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In my post two days ago, reviewing the article by Manuj and Mentzer (2008) titled Global Supply Chain Risk Management, I mentioned that they cited a paper by Ghoshal (1987) titled Global Strategy: An Organizing Framework as one of their references for listing risk management strategies. Today, I will take a closer look at that paper. The word “supply chain” doesn’t even appear once in Ghoshal’s paper, but why is this paper so interesting in a supply chain risk perspective?
The paper was written at the onset of globalization in 1987, when the buzzword of the day, “global strategy”, was still an emerging, but already very popular concept among managers of multinational corporations. One of the driving forces in any company is the desire to gaincompetitive advantage over its competitors. “Going global” is (or in 1987 still “was”) one of the means to achieve this. Today, it’s hard to imagine any corporation not being multinational in one way or the the other, or having at least some parts of its supply chain stretched around some parts of the globe. In his paper, Ghoshal provided a framework for selecting appropriate strategies when going global, and risk management was one of the strategies he looked at.
Competitive advantage – means and ends
In a multinational or global setting, competitive advantage can be gained from three sources (means): 1) Exploiting national differences in the countries the company is involved in, 2) Benefiting from economies of scale, and 3) Exploiting synergies from economies of scope, created by the diversification of its activities. The strategic task of managing globally is to use these three sources to achieve these three strategic objectives (ends): 1) Efficiency in current operations, 2) Risk management, and 3) Innovation, learning and adaptation. In the following I will deal with managing risks only.
A multinational corporation faces many risks, some of which are endemic to all firms, and others which are unique to organizations operating across national boundaries. Ghoshal (1987) divides the risk into four broad categories, the same four categories that 20 years later are picked up by Manuj and Mentzer (2008). Macroeconomic risks - random movements in the economic environment (wages, interest rates, exchange rates, commodity prices) Political risks - policy actions from national governments (legal and regulatory actions, nationalization, war) Competitive risks - uncertainty about competitors actions or development of competitive technology Resource risks - lack of human resources, technology or capital
It is the risks that cannot be diversified in a global environment that should be of most concern. and the strategic task is to consider these risks jointly in the context of particular strategic decisions. If you’re interested in political risk in particular. I suggest you read my review of the Gower Short Business Guide on Political Risk.One important issue with risks is that they change over time. .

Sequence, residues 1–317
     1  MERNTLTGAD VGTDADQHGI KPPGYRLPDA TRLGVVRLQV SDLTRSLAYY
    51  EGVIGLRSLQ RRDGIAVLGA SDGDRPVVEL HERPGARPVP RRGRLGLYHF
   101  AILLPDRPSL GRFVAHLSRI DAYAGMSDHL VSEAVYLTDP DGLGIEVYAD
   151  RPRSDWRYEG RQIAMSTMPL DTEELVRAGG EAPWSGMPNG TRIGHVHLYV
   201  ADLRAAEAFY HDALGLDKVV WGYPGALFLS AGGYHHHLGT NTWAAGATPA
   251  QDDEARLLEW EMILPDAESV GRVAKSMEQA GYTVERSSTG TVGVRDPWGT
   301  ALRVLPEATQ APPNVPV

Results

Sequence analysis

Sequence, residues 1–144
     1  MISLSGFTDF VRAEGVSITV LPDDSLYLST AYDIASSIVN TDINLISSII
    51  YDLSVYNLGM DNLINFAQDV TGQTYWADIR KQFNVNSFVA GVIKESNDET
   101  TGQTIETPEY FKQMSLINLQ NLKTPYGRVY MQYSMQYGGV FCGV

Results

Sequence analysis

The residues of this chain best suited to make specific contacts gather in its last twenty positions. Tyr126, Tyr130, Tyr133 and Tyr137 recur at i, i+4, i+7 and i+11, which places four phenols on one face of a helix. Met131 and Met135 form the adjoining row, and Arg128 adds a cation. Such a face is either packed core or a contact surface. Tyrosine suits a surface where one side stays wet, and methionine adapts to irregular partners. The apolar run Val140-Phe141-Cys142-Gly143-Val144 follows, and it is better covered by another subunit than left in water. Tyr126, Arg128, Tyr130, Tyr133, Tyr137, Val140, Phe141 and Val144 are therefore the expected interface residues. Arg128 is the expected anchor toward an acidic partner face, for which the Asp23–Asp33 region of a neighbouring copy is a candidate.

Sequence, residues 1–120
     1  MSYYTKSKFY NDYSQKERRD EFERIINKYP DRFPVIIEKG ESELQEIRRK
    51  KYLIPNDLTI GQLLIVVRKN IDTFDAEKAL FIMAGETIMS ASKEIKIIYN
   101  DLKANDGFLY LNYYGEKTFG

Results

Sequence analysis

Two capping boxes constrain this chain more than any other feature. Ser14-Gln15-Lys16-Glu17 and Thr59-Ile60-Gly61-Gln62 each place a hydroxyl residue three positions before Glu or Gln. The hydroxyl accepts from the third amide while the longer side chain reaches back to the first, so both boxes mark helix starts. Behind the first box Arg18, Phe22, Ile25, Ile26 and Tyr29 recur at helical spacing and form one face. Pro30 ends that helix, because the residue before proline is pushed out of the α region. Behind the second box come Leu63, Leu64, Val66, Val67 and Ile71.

If that is not possible. Twenty-four hours a day. the American market for determined goods such as consumer products or telecommunications is already overexploited). . sabotage attacks by the local population. you might find that the stock you hold is with a company located in a country that has become a victim of terrorism. Since it allows investors to place their capital in locations that may generate higher profits for them. Diversity • Diversity is the first and most important strategy in international investment.International Investment Strategies Putting your money in assets located outside of the United States is known as an international investment. A good international investment strategy plan requires a lot of time and is not as simple as applying all of the strategies mentioned above. In addition. Without conducting thorough research. theft or even occasional visits by the local mob or warlord. You must also understand the world of geopolitics and global economy and always keep yourself informed. You would not want to invest thousands of dollars in an unstable territory. this type of investment has generated a great deal of interest among investors. Proper Research The second most important point in international investment is to properly research the sociopolitical conditions of the region where you wish to invest. talk to others who have invested internationally. for example. it doesn't necessarily mean that everything will turn out well. it provides a new way to make money for all those investors who aren't willing to invest their money in markets with too many barriers (for example. If you can. you can know what is happening in cities and countries globally all with the click of your mouse. In reality. It's very important to remember that it is impossible for anyone to determine what will happen in the future. always makes sure to read and learn as much as you can before making an investment. seven days a week. Stay Updated • • • Staying informed and updated about what is happening around the world is another important strategy. There's no excuse for not knowing what's happening around the world with the presence of the Internet. Your plan to invest internationally can go up in flames if there is a coup against the government of the country you're invested in or if the government decides to nationalize determined resources. Even if you follow all three strategies. this is the most important strategy in any kind of investment because it would be too risky to put all of your money into one vehicle even if you are absolutely sure that it will work. Below are some important strategies in international investment.